Tissue Culture

Discussion in 'Advanced Techniques' started by oldmac, Apr 8, 2008.

  1. oldmac

    oldmac Registered+

    Has anyone here done successful tissue culture with marijuana, or knows of someone who has.

    I am told by experts that mj should be no problem to culture, but I have not been able to find any research or studies into mj tissue culture.

    Anybodies help here would be appreciated
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  2. stinkyattic

    stinkyattic CultiModerVatorAtor

    I haven't done it personally but you should be able to get results using a standard medium- google 'murasaki tissue culture' and you will find many papers by one of the leading researchers investigating this.

    Also google 'kitchen culture kit'
  3. oldmac

    oldmac Registered+

    The "kitchen culture kit" is what I came across awhile ago, and what peaked my interest.
    I'm going to look up "murasaki" and see what I can learn.

    Thanx stinkyattic for the info.
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  4. texas grass

    texas grass Registered+

    this came from a pdf i found. hope it helps any

    Plant research often involves growing new plants in a controlled environment. These may be plants that we have genetically altered in some way or may be plants of which we need many copies all exactly alike. These things can be accomplished through tissue culture of small explants of the plant of interest. These explants may come from a single mother plant or they may be the result of genetic transformation of plant cells which are then encouraged to grow and to ultimately develop into a whole plant. Tissue culture techniques are often used for commercial production of plants as well as for plant research.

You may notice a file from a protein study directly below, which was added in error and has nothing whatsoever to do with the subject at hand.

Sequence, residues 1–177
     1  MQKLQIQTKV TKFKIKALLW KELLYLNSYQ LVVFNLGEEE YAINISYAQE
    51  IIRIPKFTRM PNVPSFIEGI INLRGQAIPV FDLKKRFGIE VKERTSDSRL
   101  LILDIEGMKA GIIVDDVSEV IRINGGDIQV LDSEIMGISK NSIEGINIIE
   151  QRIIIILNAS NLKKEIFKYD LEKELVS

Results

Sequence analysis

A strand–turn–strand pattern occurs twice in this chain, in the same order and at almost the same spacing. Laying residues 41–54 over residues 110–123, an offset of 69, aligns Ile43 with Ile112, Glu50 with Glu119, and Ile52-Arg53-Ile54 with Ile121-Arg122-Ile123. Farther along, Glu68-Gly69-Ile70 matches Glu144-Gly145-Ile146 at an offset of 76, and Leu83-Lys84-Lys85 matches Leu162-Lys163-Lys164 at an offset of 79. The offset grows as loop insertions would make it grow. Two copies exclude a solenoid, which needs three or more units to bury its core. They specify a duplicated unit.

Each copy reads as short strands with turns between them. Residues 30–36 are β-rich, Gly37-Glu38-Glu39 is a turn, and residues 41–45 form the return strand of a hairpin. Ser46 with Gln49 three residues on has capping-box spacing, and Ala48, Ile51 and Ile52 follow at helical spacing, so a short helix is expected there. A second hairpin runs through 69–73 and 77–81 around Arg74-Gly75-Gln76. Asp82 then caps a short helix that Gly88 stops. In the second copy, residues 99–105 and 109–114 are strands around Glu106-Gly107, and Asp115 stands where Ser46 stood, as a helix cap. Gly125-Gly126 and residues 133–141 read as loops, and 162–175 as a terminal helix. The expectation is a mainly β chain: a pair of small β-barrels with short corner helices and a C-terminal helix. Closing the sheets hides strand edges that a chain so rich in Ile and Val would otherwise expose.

Tissue culture involves the use of small pieces of plant tissue (explants) which are cultured in a nutrient medium under sterile conditions. Using the appropriate growing conditions for each explant type, plants can be induced to rapidly produce new shoots, and, with the addition of suitable hormones new roots. These plantlets can also be divided, usually at the shoot stage, to produce large numbers of new plantlets. The new plants can then be placed in soil and grown in the normal manner.
    Many types of plants are suitable for use in the classroom. Cauliflower, rose cuttings, african violet leaves and carnation stems will all easily produce clones (exact genetic copies) through tissue culture. Cauliflower florets in particular give excellent results since they can be grown into a complete plant in the basic tissue culture media, without the need for additional growth or root hormones. Green shoots are generally observable within three weeks, and roots develop within six weeks.
    The most important part of this activity, however, is to maintain as sterile an environment as possible. Even one fungal spore or bacterial cell that comes into contact with the growth media will rapidly reproduce and soon completely overwhelm the small plant piece that you are trying to clone.
    1 Vial of Murishige Skoog (MS) media. (If you wish to make up your own growing medium you could use the recipe for the Murashige medium given at the end of this sheet.)
    1 L sterile distilled water
    10 g of agar/L
    30 g sucrose/L
    1.5 L or 2 L container in which to prepare the growth medium
    small amounts of 1M NaOH and 1M HCl to adjust the pH of the media
    60 flat bottom culture tubes with closures.
    Glass aquarium or box lined with plastic
    Plastic sheet to cover the top of the aquarium
    Adhesive tape
    10% Bleach in a spray bottle
    70% alcohol in a spray bottle
    Forceps or tweezers
    Cutting equipment such as a scalpel blade or razor blade
    2 bottles of sterile distilled water
    Pressure cooker